The love and bond between Lucy and Gabe is the focus of the novel, but The Light We Lost also explores other intricacies of life: family, choices, and worries over the future. This novel does a great job of illustrating how the ‘what ifs’ in life shape our outcomes, and how the sacrifices and compromises we make affect our future plans and relationships. This is true at any age but it is especially relevant during that period where one is—to quote the princess of pop, Miss Britney Spears—not a girl, not yet a woman. During our 20s we live intensely; where we once experienced mere infatuation we now feel pain, betrayal, jealousy, grief, and passion.
My Oxford Year
There is something so alluring about England that us Americans can’t help but romanticize it. Traveling also seems to be a marker of finally growing up. With the breathtaking Oxford as a setting, we meet tenacious American Ella Durran, who has planned to attend Oxford ever since she was thirteen. At 24, Ella finally makes it to Oxford courtesy of a Rhodes scholarship, while managing to secure a job working on a promising presidential campaign. However, Ella’s meticulously-planned life is turned upside down when she meets smart-mouthed local Jamie Davenport. After their awkward first encounter, Ella finds out that Jamie is much more than a gorgeous local—it turns out he is her literature professor. They quickly form a strong bond that transforms their innocent fling into the start of a serious relationship. Now Ella must make a tough decision: choose between the life she has always dreamed of in America, or stay in Oxford for Jamie and the chance at true love.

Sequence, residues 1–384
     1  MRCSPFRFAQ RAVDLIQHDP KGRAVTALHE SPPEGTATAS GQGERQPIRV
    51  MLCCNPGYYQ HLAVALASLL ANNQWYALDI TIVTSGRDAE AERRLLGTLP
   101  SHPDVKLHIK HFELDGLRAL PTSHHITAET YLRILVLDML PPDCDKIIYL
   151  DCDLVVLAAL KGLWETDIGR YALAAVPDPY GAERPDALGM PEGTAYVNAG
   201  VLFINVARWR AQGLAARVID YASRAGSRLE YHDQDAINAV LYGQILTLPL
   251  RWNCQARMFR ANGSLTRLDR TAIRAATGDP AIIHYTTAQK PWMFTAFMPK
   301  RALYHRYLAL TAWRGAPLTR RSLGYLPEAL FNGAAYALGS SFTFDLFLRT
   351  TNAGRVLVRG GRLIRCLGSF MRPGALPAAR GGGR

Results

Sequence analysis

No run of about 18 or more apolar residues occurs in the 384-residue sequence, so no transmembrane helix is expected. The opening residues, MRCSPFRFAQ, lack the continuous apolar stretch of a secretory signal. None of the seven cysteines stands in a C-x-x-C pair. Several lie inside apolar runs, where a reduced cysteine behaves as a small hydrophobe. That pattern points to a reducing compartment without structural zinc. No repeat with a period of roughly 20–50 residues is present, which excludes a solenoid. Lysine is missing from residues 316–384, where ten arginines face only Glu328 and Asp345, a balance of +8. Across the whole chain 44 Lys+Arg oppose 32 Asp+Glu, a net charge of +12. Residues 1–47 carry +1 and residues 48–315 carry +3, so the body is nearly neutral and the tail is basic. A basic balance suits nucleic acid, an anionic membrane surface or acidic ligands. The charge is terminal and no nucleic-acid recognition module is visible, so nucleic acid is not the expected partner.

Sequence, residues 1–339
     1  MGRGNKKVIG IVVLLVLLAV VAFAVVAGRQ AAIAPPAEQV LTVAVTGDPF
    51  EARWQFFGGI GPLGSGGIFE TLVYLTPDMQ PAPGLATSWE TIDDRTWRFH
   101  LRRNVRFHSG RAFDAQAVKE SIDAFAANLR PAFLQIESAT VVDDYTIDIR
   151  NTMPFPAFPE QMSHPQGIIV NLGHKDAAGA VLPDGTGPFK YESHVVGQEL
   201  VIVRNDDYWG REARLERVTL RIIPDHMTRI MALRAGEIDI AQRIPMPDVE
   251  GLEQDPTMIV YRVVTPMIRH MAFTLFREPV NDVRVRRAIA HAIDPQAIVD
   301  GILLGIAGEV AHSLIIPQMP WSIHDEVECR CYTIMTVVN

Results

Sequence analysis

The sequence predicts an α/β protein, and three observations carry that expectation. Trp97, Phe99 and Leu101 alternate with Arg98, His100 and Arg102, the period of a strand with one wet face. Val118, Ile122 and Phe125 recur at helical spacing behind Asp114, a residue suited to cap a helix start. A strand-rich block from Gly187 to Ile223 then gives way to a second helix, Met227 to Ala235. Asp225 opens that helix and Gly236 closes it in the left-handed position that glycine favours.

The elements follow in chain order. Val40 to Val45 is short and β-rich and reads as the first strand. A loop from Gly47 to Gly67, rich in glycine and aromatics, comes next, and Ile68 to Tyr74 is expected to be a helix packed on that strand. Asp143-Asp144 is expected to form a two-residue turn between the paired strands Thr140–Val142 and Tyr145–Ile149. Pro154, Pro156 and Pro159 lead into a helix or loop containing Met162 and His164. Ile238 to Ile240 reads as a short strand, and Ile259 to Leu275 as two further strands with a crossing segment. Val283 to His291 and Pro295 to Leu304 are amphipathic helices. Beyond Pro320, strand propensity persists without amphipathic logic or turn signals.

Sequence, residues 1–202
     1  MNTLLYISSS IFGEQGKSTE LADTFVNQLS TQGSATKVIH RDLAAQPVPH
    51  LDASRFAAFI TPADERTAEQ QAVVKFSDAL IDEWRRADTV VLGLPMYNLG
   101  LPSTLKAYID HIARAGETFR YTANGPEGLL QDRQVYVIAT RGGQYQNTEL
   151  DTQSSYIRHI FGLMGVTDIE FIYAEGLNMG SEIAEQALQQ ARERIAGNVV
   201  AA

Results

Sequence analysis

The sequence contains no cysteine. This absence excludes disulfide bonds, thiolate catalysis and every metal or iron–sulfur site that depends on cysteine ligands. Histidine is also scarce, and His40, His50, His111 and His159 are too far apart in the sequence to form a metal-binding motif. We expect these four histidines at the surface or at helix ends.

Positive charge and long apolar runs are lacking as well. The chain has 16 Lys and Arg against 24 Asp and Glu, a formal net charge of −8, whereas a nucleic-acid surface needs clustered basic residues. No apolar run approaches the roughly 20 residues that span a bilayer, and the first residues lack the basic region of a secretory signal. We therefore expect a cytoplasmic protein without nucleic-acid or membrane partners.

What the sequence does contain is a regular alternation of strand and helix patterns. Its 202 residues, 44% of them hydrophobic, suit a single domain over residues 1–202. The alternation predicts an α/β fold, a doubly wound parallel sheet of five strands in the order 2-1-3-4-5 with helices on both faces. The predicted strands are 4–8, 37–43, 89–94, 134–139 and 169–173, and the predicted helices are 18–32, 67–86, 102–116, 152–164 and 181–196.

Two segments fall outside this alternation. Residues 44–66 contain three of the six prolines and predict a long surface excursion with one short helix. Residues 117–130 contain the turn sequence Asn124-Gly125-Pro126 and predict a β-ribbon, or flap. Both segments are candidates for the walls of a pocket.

This novel is great for fans of Jojo Moyes, Nicholas Sparks, and coming-of-age romance in general. It's uplifting and empowering, and by the end of the book Ella learns valuable lessons and is closer to finding her footing in the world. The narrative is sharp and witty, easily drawing you in as we meet charming Jamie and intelligent Ella. My Oxford Year is a great reminder that sometimes, preparation and planning amount to nothing, because life will always throw us curveballs.
It Ends with Us
Any overachievers out there? Well, you'll definitely relate to Lily, the protagonist of this excellent Colleen Hoover novel. Even though she is only in her 20s, Lily has worked hard to get everything she’s wanted. After graduating college, Lily moves to Boston in hopes of starting her own business. It is here that she meets and falls for Ryle, a neurosurgeon who is determined to become the best. They compliment each other well and share an instant connection, but Ryle seems reluctant to fully commit. Through the progression of their relationship, Lily writes down journal entries about Ryle. When she comes across some entries about her first love, Atlas, Lily is flooded with memories of their time together. Suddenly, Atlas reappears in Lily’s life and threatens everything Lily shares with Ryle.